The kinds of communities that we desire and that generate economic prosperity are very different from those of the past. Social structures that were important in earlier years now work against prosperity. Traditional notions of what it means to be a close, cohesive community and society tend to inhibit economic growth and innovation. Where strong ties among people were once important, weak ties are now more effective. Where old social structures were once nurturing, now they are restricting. Communities that once attracted people now repel them. Our evolving communities and emerging society are marked by a greater diversity of friendships, more individualistic pursuits and weaker ties within the community.

Paradoxically, openness to cultural diversity equates to greater socio-economic divergence.

In Australia, too, the focus on difference and diversity is not restricted to academics and public intellectuals. It is now a key concept in management education and corporate sector human resource policy. This trend can be traced back to Enterprising Nation: Renewing Australia's Managers to Meet the Challenges of the Asia-Pacific Century (‘the Karpin Report‘), which criticised Australian managers for ‘not capitalising on the talents of diversity’ and recommended an overhaul of management education. In now familiar language, the report said ‘the valuing of difference in organisations can uncover new perspectives, tap different knowledge and experience, and generate ideas, suggestions and methods not previously considered‘.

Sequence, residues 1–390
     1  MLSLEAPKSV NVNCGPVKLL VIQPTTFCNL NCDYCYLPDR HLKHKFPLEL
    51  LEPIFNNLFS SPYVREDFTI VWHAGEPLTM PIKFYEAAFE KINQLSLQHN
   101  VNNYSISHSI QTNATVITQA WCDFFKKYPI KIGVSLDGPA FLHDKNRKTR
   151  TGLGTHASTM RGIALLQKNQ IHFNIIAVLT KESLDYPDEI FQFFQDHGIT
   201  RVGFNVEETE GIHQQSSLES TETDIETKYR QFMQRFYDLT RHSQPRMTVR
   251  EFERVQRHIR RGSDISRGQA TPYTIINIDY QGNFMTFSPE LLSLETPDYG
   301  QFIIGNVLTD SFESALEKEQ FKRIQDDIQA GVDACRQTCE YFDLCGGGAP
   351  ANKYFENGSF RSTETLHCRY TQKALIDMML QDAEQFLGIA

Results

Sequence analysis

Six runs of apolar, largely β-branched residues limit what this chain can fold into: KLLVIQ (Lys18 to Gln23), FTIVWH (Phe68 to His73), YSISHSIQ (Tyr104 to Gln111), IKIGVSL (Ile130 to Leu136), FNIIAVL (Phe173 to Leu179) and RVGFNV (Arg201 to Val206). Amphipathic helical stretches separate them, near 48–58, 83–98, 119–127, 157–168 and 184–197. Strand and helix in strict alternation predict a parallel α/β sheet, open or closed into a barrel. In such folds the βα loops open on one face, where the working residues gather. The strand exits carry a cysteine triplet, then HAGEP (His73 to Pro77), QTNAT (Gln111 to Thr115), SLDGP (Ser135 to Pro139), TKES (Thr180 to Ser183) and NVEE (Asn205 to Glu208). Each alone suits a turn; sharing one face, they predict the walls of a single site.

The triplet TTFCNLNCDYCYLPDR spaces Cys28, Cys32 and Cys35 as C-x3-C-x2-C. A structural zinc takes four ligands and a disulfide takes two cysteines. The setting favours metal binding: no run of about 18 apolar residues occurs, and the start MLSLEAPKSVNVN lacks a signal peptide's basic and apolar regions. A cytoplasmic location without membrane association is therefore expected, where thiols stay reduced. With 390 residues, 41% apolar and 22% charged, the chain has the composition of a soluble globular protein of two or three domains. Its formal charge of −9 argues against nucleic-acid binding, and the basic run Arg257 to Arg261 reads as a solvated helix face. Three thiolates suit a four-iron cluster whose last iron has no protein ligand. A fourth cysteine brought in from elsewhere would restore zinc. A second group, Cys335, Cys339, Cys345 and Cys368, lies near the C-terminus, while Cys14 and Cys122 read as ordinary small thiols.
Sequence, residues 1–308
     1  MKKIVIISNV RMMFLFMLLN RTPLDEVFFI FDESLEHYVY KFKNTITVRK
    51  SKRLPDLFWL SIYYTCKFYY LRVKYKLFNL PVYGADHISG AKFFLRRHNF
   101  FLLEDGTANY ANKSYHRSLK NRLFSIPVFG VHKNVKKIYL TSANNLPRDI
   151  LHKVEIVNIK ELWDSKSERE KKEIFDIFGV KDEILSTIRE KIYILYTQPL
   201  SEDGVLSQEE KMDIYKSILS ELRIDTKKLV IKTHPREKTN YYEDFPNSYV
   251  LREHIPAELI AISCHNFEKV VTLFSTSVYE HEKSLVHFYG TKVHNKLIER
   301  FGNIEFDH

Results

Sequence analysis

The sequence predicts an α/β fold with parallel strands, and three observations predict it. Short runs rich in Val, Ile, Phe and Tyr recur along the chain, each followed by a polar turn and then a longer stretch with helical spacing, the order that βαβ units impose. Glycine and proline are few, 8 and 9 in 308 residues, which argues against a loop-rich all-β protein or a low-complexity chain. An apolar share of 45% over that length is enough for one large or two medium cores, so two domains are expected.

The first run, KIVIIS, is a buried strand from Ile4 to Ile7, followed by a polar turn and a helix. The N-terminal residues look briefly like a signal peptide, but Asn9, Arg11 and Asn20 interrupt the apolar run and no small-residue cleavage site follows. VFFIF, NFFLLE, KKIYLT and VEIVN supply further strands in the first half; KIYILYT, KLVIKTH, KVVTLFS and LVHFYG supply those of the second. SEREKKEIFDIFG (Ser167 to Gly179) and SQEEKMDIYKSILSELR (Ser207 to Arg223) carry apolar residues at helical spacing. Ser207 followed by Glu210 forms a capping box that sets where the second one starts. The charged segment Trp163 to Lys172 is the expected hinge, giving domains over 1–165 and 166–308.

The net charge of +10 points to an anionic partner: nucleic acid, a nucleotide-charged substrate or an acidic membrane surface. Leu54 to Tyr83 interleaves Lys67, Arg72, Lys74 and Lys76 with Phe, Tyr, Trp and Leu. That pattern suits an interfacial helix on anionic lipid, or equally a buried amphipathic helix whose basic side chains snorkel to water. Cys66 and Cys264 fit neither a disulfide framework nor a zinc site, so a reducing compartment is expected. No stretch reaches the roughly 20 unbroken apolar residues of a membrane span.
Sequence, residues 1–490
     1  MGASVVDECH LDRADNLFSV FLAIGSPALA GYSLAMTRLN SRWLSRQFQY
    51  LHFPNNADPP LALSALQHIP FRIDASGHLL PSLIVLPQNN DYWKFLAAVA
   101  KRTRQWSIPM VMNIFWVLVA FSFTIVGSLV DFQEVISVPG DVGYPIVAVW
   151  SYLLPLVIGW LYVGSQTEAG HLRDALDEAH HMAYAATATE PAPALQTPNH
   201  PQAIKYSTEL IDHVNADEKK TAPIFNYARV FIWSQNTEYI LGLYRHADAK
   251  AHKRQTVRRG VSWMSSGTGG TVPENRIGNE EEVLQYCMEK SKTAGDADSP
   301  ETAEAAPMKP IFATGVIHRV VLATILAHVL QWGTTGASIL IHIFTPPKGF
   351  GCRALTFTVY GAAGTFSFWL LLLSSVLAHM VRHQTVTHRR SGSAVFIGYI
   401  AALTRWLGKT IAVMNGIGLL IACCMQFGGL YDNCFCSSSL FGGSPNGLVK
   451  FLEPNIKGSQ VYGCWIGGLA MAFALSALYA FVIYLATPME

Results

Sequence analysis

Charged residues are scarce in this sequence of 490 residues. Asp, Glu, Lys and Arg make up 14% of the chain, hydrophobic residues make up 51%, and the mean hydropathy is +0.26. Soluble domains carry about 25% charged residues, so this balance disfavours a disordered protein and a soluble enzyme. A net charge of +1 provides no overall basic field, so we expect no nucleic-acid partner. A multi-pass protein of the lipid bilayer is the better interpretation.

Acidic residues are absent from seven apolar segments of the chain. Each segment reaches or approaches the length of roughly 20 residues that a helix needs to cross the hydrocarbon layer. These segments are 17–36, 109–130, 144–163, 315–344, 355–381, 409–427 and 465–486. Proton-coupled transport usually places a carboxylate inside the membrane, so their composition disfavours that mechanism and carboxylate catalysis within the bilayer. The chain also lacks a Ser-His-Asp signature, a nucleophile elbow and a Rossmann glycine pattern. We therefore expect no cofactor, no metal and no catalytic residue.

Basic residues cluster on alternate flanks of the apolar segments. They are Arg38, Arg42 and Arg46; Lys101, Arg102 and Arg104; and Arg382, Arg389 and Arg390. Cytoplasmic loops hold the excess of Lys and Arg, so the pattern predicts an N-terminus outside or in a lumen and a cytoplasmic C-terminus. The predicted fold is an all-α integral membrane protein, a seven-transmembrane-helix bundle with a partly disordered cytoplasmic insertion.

Today graduate and post-graduate credentials are a pre-requisite for advancement in the corporate sector. ‘For people hoping to climb to the higher rungs of the corporate ladder a bachelor degree is no longer enough‘, said one report in The Australian Financial Review.